Immunohistochemically, the tumor cells generally express B-cell antigens such as CD19, and CD20 as well as CD10, BCL6, CD38, CD77 and CD43. They generally do not express TdT, but may be weakly positive for BCL2. There is generally up to 100% positivity of Ki-67 in most of these lesions. The immunophenotype of BL may be demonstrated by tissue immunohistochemistry or flow cytometry. Gene expression analysis is important in BL, as a large number cases have the diagnostic MYC translocation at band 8q24 of the IG heavy chain region 14q23, t(8;14). Other common translocation patterns in BL include t(2;8) and t(8:22). Despite the aggressive nature of BL, it is a highly curable condition. Patients with BL generally respond well to high doses of systemic chemotherapy, and intrathecal therapy.
The pathogensis of BL has been associated with the Epstein-Barr virus. Virtually all tumor cells in endemic BL show the presence of EBV within their genome, while EBV positivity is present in approximately 30% of sporadic BL, and 25-40% of immunodeficiency-associated BL. However, there is no known association of BL with Helicobacter pylori (H. pylori). In a review of the current literature there were a total of 4 cases of BL associated with H. pylori, with three of those cases being in children and one in a 53-year-old male. H. pylori is a gram negative rod first identified by Warren and Marshall in 1983. H. pylori has been associated with chronic active gastritis, peptic ulcers and subsequent development of carcinoma, and gastric lymphoid neoplasms, specifically mucosa-associated lymphoid tissue (MALT) lymphomas of the stomach. In fact, H. pylori is listed as a Grade I carcinogen by the World Health Organization.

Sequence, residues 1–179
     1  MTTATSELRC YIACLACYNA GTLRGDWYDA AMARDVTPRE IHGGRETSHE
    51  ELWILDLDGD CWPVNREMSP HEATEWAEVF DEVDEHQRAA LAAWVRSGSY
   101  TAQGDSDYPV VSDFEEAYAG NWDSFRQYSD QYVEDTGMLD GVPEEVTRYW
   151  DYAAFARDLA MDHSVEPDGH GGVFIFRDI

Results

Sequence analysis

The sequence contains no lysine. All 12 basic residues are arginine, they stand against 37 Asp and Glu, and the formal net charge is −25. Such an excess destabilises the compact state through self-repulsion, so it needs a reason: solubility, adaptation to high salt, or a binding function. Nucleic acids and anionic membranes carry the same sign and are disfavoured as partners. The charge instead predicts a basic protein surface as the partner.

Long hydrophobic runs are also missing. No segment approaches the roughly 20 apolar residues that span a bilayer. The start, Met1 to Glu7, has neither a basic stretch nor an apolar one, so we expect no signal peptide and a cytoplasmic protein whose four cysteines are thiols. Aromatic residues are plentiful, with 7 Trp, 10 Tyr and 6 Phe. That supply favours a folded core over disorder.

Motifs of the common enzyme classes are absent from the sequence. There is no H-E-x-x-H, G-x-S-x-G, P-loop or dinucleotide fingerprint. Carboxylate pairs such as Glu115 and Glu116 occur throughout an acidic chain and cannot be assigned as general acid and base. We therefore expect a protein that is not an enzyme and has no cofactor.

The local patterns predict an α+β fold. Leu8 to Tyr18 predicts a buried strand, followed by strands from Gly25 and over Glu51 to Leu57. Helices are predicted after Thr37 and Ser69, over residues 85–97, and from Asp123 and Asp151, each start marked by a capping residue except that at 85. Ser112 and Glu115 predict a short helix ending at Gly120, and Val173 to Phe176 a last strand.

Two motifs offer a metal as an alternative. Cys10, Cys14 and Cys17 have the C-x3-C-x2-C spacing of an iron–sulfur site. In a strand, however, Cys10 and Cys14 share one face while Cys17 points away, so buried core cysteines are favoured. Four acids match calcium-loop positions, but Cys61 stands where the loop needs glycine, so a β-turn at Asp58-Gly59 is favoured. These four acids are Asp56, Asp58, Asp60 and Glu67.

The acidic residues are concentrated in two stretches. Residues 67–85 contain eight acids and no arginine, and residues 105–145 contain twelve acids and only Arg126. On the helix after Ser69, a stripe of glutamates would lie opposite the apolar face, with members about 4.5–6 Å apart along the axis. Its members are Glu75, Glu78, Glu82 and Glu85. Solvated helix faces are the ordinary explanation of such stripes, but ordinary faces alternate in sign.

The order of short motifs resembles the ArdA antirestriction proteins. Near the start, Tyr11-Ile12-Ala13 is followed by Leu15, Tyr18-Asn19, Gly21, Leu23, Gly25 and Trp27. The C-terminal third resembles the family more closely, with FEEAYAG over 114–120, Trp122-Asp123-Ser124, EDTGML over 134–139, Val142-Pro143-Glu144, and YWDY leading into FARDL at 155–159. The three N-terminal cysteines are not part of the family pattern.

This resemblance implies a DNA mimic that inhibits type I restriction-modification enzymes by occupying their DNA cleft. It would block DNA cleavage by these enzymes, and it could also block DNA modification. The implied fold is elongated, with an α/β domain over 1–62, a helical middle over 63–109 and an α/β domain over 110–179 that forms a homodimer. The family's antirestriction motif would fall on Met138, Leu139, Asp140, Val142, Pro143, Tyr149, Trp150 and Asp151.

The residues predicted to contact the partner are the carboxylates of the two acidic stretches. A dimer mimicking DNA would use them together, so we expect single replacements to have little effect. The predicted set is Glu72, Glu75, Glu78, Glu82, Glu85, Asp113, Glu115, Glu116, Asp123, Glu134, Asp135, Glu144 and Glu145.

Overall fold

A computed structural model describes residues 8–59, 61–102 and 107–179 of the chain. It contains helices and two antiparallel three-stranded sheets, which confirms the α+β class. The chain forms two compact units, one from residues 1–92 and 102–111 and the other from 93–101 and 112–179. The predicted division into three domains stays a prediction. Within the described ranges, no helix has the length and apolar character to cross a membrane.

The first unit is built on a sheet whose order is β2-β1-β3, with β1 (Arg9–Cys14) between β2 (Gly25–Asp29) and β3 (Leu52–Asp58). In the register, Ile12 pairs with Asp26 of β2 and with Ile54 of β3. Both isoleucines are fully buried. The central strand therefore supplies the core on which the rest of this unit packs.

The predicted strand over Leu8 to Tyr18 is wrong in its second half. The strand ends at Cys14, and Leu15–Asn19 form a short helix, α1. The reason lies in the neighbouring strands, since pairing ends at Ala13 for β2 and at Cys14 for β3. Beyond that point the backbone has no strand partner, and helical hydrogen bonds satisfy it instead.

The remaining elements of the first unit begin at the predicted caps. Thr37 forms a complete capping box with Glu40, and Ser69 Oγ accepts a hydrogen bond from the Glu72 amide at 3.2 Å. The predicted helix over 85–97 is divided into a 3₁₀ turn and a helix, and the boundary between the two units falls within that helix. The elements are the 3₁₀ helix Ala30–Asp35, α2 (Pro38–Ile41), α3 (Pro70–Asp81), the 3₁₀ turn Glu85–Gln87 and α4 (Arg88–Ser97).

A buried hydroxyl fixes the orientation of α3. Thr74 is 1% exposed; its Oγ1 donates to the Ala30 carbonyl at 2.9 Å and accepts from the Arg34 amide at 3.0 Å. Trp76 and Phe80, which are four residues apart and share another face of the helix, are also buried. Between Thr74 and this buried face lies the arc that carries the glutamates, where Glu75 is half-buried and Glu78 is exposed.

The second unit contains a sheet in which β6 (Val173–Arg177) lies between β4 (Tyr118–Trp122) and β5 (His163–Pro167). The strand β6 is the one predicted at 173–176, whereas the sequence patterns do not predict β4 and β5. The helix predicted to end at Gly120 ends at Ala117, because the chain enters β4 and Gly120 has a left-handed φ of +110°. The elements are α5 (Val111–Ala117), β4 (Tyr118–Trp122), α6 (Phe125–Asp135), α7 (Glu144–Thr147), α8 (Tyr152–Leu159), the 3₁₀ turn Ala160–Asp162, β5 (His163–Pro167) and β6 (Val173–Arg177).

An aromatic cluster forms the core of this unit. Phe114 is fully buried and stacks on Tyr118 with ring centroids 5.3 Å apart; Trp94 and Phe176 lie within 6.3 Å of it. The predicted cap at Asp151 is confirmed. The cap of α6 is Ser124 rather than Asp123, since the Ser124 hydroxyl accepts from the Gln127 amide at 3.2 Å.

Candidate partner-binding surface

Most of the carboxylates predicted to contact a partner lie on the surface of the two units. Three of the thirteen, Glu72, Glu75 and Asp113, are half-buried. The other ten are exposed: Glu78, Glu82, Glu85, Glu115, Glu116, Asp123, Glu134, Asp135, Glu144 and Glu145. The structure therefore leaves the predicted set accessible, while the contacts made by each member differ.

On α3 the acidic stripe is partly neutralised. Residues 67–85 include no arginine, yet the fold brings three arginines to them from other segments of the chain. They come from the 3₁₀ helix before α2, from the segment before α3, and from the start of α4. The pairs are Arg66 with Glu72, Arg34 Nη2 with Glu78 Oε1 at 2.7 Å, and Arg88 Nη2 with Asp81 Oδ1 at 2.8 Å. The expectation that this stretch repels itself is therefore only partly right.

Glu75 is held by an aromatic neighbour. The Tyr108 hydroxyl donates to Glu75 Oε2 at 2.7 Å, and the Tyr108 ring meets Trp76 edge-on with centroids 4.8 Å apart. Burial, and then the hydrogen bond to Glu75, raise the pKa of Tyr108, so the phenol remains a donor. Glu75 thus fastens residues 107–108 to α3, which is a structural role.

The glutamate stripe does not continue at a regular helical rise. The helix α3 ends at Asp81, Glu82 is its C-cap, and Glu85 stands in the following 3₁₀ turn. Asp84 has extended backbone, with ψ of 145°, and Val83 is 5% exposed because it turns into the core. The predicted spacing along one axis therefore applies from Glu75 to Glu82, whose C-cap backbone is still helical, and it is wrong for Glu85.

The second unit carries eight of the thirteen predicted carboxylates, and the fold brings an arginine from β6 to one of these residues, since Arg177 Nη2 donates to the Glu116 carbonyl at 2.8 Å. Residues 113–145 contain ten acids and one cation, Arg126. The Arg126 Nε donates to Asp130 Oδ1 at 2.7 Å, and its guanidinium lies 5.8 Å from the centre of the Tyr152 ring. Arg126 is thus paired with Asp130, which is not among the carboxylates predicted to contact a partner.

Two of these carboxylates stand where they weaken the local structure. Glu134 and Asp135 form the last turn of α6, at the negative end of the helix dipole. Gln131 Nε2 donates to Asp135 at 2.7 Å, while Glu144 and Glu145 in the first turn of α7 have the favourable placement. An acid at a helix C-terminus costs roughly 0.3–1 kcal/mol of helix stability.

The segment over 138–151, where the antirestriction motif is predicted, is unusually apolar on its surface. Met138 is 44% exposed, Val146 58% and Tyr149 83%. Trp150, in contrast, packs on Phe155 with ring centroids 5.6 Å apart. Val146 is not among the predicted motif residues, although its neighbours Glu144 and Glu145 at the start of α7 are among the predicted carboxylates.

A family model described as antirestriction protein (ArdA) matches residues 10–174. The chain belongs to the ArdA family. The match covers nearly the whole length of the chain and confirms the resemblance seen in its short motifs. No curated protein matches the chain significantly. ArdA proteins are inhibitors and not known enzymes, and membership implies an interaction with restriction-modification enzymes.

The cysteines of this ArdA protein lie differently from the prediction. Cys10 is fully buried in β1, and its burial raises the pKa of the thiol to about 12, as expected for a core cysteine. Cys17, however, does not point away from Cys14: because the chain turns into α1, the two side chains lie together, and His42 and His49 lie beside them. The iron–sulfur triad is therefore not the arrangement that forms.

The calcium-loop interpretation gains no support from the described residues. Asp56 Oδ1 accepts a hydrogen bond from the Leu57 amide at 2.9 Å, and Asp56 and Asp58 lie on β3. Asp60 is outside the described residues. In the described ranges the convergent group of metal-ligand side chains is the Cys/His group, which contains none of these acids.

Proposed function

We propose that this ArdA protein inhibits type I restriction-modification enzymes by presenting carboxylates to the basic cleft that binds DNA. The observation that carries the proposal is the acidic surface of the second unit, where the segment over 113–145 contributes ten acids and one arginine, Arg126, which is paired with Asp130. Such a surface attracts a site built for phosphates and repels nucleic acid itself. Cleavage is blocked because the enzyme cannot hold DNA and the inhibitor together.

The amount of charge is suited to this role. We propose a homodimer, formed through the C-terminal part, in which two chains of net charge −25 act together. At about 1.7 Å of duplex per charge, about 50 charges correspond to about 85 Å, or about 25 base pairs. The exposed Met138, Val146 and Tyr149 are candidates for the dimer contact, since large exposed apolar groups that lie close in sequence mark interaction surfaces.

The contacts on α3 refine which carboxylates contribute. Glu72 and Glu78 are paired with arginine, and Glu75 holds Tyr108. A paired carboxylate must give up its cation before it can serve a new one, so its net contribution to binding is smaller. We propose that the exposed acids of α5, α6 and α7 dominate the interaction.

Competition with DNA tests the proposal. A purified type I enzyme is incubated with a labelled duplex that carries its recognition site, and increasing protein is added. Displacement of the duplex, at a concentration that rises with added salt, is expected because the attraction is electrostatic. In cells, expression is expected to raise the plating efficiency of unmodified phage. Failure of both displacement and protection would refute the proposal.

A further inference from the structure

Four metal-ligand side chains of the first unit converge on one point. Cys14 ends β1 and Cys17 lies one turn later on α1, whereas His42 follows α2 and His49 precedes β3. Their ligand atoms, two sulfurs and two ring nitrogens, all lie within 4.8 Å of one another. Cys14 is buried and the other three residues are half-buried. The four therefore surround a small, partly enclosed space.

Gastric MALT lymphoma is a marginal zone B-cell low grade lymphoma generally affecting older adults. It is the most common type of extranodal marginal zone lymphoma and comprises up to 85% of extranodal MALT lymphomas. The association between gastric MALT lymphoma and H. pylori has been well established. The stomach in its normal physiologic state does not possess any organized lymphoid tissue. When H. pylori infects the stomach, it produces a host of antigens which stimulate H. pylori-specific T cells to induce proliferation of B lymphocytes. The proliferation of the B cells then leads to the development of lymphoid proliferations of the MALT type. The role of H. pylori in gastric MALT lymphoma has been further established as the lymphoma rapidly regresses with eradication of H. pylori. It has been proposed that the association between gastric BL and H. pylori may be similar to that of H. pylori and gastric MALT lymphoma.